The 1980s were a very exciting time in the motorcycling world, especially for fans of Japanese bikes, and a huge variety of machines were available in a dizzying array of configurations: two-strokes and four-strokes, singles, twins, triples, fours, and even six-cylinder engines. And it wasn't just engines that saw the application of innovative new technologies: anti-dive forks, electronic ignitions, and radial tires all became common on sporting machines for the first time. Of course, race-replicas were very popular as always, and into the mix came the Honda NS400R that combined all of those elements into a potent little package.

At the center of this unusual machine was a liquid-cooled, 90° V3 meant to ape Honda's GP machine of the period. Although with the two flanking cylinders canted forward and the middle one pointing up, it was actually the reverse of the racing machine's configuration that had the single cylinder pointed towards the front. As you'd expect, the two-stroke had Honda's ATAC powervalve to give the bike some additional midrange grunt and the 387cc engine put out a claimed 72hp through a six-speed transmission to the rear wheel. Overall, the package was very refined, with a claimed weight of just 360lbs. Handling was a definite strong point, helped by TRAC anti-dive forks up front and a Pro-Link rear, with modular Comstar wheels and radial tires at both ends.

Also, because I'm into weird details, I have to point out the tiny triangle of fairing that folds out when the sidestand is extended. Does it serve any practical purpose? Of course not. Did it cost real money to develop and manufacture? For sure it did. But that's the kind of detail that defines bikes of this period.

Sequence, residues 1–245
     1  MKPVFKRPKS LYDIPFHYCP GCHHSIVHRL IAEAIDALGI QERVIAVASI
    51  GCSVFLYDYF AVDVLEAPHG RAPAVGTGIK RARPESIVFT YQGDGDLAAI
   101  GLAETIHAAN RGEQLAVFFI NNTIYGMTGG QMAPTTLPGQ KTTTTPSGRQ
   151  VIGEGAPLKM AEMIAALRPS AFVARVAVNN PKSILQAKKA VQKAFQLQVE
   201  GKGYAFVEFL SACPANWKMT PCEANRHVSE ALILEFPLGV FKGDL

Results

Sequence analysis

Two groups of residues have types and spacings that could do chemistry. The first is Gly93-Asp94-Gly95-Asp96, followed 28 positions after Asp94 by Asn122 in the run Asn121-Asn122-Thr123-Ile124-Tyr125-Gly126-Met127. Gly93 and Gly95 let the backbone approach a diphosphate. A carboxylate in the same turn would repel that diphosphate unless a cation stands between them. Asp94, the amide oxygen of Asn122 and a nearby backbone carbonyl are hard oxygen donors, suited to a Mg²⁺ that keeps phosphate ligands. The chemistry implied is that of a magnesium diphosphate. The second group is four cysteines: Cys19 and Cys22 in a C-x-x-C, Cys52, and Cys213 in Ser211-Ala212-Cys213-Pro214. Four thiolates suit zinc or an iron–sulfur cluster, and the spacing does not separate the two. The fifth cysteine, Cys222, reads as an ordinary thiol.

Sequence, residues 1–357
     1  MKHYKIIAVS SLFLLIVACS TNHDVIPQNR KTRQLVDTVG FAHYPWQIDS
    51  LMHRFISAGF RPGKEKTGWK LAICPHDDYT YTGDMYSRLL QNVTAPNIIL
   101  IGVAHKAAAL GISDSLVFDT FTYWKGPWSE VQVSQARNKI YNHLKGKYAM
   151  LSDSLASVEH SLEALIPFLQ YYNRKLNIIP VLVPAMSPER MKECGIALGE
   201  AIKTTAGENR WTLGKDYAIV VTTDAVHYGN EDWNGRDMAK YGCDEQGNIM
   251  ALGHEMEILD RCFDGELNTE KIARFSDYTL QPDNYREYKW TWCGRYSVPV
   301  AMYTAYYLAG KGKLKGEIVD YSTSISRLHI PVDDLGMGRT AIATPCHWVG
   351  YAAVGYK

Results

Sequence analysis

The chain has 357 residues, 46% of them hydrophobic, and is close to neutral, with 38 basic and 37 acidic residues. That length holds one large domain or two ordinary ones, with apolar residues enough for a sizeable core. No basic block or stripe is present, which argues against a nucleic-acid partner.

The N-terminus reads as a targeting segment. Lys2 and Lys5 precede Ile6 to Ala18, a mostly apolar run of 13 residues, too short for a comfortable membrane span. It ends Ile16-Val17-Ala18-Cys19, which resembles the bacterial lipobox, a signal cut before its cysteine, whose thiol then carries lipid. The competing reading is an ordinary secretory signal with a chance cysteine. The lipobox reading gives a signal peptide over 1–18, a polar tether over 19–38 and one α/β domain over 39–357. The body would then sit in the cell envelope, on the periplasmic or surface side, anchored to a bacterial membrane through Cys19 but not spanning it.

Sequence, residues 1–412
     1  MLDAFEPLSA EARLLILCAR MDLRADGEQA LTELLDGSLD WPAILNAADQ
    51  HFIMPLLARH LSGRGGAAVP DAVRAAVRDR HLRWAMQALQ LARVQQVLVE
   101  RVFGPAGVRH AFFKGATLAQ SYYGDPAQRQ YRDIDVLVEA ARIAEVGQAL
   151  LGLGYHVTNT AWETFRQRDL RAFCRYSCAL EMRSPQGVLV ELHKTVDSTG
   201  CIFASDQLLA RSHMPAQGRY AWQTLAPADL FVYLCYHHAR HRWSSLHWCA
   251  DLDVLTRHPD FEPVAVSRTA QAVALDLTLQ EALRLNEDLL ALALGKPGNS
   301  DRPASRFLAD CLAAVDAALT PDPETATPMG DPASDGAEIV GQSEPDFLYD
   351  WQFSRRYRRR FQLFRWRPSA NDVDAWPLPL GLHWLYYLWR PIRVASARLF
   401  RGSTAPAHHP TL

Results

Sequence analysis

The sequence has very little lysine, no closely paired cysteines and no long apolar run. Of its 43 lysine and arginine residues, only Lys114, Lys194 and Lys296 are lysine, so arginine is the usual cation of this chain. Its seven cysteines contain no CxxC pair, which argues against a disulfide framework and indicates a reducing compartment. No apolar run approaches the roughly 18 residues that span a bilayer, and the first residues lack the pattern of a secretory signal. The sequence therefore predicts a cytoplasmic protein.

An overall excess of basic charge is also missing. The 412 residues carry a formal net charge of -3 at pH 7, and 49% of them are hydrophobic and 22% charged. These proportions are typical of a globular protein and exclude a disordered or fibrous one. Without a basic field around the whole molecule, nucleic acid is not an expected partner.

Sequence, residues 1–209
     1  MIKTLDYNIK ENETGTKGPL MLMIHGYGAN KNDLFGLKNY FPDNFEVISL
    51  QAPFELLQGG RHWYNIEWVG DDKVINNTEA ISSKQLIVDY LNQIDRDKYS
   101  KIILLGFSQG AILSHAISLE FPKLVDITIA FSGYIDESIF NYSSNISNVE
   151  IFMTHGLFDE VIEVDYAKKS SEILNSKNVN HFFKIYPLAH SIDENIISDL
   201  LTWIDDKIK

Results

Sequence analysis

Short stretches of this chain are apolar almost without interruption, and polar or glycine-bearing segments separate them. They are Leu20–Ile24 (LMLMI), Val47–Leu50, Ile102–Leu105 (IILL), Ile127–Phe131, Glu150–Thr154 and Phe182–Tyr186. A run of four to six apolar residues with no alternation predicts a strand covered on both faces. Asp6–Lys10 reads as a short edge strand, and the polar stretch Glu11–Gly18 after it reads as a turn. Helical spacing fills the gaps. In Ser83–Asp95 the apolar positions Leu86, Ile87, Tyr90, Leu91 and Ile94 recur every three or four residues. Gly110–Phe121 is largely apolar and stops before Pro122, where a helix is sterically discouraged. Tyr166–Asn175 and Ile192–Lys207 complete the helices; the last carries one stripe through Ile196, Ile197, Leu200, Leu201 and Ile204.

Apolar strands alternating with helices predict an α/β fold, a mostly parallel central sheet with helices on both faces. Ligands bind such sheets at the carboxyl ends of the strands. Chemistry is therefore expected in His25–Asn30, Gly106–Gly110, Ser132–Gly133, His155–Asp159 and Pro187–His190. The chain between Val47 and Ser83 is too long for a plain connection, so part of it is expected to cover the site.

So why a 400cc machine, when Suzuki and Yamaha were producing race-replicas closer to the actual racing displacement of 500cc? Well bikes intended for the Japanese market were limited in terms of power and displacement throughout the period, and Honda likely wanted to make sure a single version of the bike could easily be sold in all markets. Unfortunately at the time, a perceived power and performance deficit compared to the RG500 and RZ500 likely hurt sales, but I think that's far less of an issue now: none of these bikes are especially fast by today's standards and the handling of the NS400R is famously good.

From the original eBay listing: 1986 Honda NS400R Rothmans NC19 for Sale

NS400R a road going replica of the GP motorcycle. 2 stroke with a V3 engine.

The bike is imported from Japan. Not registered yet in the US. This bike is sold without title. (NO TITLE) Sold as is with NO warranty NO refunds NO return.